Geographical healthcare inequality was the focus of a new report released by the Grattan Institute this past fortnight. The report, Access all areas, finds that while progress has been made in some areas, it hasn’t materialised in places most in need. Writing for Croakey and The Conversation, The Institute’s Professor Stephen Duckett, says better use of pharmacists and nurse practitioners on less complicated presentations would free up the limited supply of GPs in some of the most underserved areas.
“If we continue with current policies, it will take 65 years before people in many parts of rural and remote Australia have the same level of access to general practitioner services as city dwellers do,” he writes.
Fiona Stanley meanwhile, says we need to convince our new government that prevention is a crucial investment.
“Inequalities are bad for everyone’s health,” she writes at The Conversation. “We need to invest in social, environmental, and community infrastructure for health. And we need to ensure the budget is more evenly distributed…”
The wheels of government … turning a little faster than usual?
As the momentum in Canberra to dismantle Labor’s reform agenda continues apace, health looks set for some heavy treatment. Health Minister Peter Dutton has signalled his intention to cut the health bureacracy – and the Australian National Preventive Health Agency, Australian Institute of Health and Welfare and National Health Performance Authority have been flagged as potential targets.
Croakey readers have offered some advice to the new minister as he settles into the portfolio, including potential priorities for the first 100 days of government and terms of reference for, and possible contributors to, the review of Medicare Locals promised before the election. And in this Croakey piece, Professor Tarun Weeramanthri has some particularly pointed advice about the importance of staff not considered to be “frontline”. It takes a team effort to achieve a result, he argues, and sometimes critical members of the team don’t occupy the spotlight.
And advice from another quarter – the Consumer’s Health Forum – will be ongoing, according to this report in The Townsville Bulletin. The Forum has launched a “waste thermometer” that will measure money being wasted by poor government policy.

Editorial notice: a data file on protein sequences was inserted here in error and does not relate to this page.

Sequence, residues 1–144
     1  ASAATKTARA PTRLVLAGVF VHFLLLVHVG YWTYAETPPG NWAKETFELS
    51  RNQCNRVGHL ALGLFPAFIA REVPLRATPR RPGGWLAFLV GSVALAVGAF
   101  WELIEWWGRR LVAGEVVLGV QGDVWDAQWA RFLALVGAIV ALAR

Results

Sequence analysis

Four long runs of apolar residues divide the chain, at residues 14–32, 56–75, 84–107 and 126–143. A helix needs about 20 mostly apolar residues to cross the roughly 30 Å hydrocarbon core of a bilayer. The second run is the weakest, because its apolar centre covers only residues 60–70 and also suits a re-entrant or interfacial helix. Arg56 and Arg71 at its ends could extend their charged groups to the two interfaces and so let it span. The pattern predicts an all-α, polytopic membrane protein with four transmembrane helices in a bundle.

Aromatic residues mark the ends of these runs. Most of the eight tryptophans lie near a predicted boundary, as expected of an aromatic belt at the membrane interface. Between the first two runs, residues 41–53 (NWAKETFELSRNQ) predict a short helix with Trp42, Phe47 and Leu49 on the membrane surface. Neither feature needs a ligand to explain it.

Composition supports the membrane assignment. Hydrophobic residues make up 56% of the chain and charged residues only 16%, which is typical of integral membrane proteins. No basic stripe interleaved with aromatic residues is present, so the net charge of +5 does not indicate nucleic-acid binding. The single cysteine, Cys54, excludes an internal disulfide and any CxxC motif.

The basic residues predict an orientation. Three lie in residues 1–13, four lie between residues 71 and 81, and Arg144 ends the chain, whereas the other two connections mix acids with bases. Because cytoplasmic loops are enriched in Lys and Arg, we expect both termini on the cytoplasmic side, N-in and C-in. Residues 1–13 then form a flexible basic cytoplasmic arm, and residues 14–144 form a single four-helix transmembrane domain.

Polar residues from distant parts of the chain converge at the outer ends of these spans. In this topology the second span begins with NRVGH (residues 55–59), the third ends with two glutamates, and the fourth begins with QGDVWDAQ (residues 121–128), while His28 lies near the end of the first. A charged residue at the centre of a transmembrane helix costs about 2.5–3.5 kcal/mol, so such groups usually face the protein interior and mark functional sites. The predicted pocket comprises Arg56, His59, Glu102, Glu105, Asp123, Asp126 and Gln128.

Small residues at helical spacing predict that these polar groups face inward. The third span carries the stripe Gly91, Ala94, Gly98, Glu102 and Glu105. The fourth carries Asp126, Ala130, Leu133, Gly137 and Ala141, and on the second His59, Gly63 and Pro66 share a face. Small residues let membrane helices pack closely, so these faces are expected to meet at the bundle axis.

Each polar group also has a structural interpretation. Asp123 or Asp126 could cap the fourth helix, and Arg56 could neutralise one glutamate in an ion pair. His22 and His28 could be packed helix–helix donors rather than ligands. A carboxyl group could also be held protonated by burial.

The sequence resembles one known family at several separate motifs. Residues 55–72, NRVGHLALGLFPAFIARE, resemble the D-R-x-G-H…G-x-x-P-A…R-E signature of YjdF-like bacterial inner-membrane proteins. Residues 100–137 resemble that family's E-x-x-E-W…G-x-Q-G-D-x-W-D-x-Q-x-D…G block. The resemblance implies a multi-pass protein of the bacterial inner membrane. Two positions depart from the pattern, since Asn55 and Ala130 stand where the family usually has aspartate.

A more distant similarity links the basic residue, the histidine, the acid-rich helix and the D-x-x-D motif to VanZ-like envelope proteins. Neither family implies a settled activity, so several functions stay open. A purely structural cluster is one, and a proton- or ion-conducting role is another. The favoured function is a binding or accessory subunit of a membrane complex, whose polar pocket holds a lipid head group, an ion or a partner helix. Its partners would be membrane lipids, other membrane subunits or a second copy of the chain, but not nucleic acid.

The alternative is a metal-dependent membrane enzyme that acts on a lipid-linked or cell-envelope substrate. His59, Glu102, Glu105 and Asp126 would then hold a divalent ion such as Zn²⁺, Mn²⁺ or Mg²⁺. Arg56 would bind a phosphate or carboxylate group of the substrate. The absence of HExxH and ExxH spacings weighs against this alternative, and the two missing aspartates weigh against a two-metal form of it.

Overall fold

University of Wollongong Vice Chancellor Paul Wellings has also offered some thoughts on how the Abbott Government might consider achieving its election commitment to create a million new jobs by 2018. Writing in The Australian he says momentum supporting knowledge and innovation has dwindled, and an inconsistent approach to science and innovation policy has led to policy inertia, something he urges the Government to rectify.
The wheels of US govt … not turning at all
As last ditch attempts to derail Obamacare led to the shutdown of the US Government, many public health services ground to a halt, including the National Institutes of Health and the vast majority of services offered by the Centers for Disease Control and Prevention. For an outline of health services on hold, see here and here. According to this report from Wisconsin Public Radio, the shutdown threatens food provision for 9 million low income women and children who rely on the Special Supplemental Nutrition Program for Women, Infants, and Children, known as WIC.
Dr Lesley Russell offers this handy explainer on Obamacare for The Conversation, for anyone who needs a refresher on the US Affordable Care Act. Dr Russell, a senior Research Fellow at the Australian Primary Health Care Research Institute, also penned this explainer for Croakey, on what the shutdown might mean for readers. And this interesting piece in The Nation looks at the history of opposition to health reform, and finds that it goes back as far as the 1930s.
Achieving Indigenous engagement
Two new reports on engaging with Indigenous communities have been released on the Closing the Gap Clearinghouse .The reports, both of which can also be downloaded on the NACCHO website, say that effective engagement must be through relationships built on trust, integrity and respect.
The reports came as the Australian Indigenous Doctors Association (AIDA) hosted its annual symposium in Canberra. AIDA president Dr Tammy Kimpton was tweeting from the event using the @IndigenousX Twitter handle. You can view the Guardian profile of Dr Kimpton here.